This past week I requested that the famous image of Andrew and Silas Chandler grace the cover of my forthcoming book, Searching For Black Confederates: The Civil War’s Most Persistent Myth, which will be published by the University of North Carolina Press in 2019. This should come as no surprise. Silas and Andrew have long been the face of this mythical narrative. The image has been misinterpreted by a cross section of the historical community, from National Park Service staff to Confederate heritage groups.
What I didn’t expect was to wake up today to a tweet from historian Brooks Simpson, who came across the image at the Smithsonian American History Museum in Washington, D.C.
Somehow this image popped up at the @smithsonian @amhistorymuseum in a display about Union black soldiers. Curious, @KevinLevin? pic.twitter.com/6VeGuyj1QS
— Brooks D. Simpson (@BrooksDSimpson) September 29, 2018
The original tintype is located just up the street at the Library of Congress. I have no idea how one of the most famous images of master and slave headed off to war – likely in 1861 – ended up in an exhibit about black Union soldiers.
Let’s hope they fix this.
For some real BCS humor, try this:
Hot off the presses:
Disclaimer: for your amusement only.
That’s the altered photograph they are using at the NYPL. It’s not even a good photoshop.
As of this day, the New York Public Library has in it’s digital archives a photograph of Varina Howell that has been obviously altered to make her look African American. Wikipedia used this photograph up until recently .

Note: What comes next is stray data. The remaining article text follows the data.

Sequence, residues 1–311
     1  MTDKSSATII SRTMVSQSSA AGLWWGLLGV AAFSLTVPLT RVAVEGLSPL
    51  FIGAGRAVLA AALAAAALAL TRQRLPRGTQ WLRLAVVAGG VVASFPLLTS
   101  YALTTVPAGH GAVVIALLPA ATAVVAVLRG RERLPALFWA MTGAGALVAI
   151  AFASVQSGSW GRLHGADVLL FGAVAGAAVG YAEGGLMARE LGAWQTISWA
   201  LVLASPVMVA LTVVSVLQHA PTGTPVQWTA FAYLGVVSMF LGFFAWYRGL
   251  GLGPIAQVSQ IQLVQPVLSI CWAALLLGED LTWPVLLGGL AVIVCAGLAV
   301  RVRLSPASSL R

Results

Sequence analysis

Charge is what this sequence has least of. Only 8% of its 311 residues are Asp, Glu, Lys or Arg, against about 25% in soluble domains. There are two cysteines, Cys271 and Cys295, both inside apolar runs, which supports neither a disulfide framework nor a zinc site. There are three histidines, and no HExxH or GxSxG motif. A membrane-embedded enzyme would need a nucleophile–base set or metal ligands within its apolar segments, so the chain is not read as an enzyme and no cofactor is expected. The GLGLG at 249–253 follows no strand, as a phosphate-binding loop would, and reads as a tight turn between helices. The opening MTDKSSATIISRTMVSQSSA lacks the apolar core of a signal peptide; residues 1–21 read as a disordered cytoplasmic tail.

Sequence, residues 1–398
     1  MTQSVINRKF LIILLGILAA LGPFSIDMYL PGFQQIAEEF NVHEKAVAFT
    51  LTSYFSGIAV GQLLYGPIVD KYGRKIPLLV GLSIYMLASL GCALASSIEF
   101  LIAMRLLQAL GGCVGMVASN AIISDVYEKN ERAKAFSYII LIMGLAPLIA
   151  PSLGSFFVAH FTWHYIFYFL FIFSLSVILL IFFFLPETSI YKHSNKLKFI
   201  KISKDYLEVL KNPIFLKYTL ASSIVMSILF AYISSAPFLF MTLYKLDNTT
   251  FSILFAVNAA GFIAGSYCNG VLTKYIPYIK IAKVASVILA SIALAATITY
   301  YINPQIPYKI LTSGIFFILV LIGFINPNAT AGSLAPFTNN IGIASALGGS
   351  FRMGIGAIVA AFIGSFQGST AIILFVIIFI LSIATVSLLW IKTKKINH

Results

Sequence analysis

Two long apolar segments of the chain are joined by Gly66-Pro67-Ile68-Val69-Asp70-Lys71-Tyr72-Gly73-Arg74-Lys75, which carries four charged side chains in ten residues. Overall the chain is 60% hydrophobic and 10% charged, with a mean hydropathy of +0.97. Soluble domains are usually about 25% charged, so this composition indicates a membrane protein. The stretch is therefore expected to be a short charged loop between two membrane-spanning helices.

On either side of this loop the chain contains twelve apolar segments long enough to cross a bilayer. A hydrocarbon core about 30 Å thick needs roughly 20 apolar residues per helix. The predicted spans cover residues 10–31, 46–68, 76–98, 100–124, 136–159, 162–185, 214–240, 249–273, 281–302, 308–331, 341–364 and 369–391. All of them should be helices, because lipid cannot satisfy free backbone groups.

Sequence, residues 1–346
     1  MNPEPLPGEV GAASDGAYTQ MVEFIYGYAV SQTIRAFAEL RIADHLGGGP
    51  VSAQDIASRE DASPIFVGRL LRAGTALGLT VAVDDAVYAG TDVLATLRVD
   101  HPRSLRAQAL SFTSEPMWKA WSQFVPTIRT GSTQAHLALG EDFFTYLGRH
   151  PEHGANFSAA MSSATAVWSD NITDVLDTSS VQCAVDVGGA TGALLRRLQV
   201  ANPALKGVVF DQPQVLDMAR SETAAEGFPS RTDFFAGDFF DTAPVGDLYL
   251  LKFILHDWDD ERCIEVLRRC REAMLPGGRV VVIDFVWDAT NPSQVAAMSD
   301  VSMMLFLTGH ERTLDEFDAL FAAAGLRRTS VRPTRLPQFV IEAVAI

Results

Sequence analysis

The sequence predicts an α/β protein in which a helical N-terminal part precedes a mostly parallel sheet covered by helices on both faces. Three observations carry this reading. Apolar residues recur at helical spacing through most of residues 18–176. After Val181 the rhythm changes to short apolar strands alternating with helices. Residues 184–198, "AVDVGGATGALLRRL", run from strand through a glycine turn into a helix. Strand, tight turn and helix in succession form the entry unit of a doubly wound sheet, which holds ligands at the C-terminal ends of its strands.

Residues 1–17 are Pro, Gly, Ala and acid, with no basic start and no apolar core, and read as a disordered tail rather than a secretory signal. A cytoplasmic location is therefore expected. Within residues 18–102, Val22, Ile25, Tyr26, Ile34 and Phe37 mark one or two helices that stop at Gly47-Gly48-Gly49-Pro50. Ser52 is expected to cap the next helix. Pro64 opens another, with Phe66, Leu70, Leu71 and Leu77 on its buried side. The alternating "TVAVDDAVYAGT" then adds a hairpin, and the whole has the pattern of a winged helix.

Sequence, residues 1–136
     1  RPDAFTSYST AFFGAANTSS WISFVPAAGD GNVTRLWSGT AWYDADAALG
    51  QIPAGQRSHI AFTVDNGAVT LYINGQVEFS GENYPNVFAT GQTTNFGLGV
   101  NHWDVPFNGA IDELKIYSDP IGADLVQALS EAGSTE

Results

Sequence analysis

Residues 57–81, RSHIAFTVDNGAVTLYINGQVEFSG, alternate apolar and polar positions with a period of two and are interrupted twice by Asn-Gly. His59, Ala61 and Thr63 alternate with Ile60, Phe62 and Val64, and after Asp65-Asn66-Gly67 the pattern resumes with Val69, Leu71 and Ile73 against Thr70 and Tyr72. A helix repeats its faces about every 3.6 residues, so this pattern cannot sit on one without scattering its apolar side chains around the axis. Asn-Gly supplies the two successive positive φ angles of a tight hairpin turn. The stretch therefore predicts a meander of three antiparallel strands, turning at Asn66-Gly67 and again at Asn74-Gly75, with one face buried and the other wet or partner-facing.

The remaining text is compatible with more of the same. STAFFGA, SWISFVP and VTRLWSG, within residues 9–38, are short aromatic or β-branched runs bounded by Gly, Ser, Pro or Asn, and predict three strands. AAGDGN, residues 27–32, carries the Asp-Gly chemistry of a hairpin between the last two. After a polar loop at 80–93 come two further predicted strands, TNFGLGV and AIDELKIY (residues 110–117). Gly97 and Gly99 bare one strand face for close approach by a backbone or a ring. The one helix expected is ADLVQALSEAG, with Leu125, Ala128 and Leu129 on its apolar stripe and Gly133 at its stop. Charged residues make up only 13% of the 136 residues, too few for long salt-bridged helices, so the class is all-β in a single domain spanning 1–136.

That is certainly unfortunate. Have you contacted their staff?
Yes. First, I contacted Wikipedia. That’s how I found out that they were using the NYPL photograph. They replied that they had no intention of changing it because they were confident in the NYPL for truthful information, although, it has indeed been changed to an authentic photograph on Wikipedia. Then, I contacted the NYPL and received no response.
I have noticed that the Smithsonian magazine sometimes is sloppy in checking the articles it publishes. Several years ago they published a cover story about Jefferson’s valuation of his slaves. The author of the article said this showed how Jefferson valued his slaves at Monticello. A former curator at Monticello, noted in the American Scholar, that Jefferson had prepared his valuation as a hypothetical case in response to an Englishman’s interest in the slave economy in the early 1790’s. Jefferson may have valued his slaves this way, but the author of the article made no mention of the background of the document he used. The Library of Congress and the Smithsonian have a competitive relationship and this may explain the failure to check with LC.
Smithsonian Magazine is first and foremost a magazine, with Smithsonian branding. The content is not generally written by the curatorial folks.
This is in the museum. Surely their curatorial staff had their hands in this.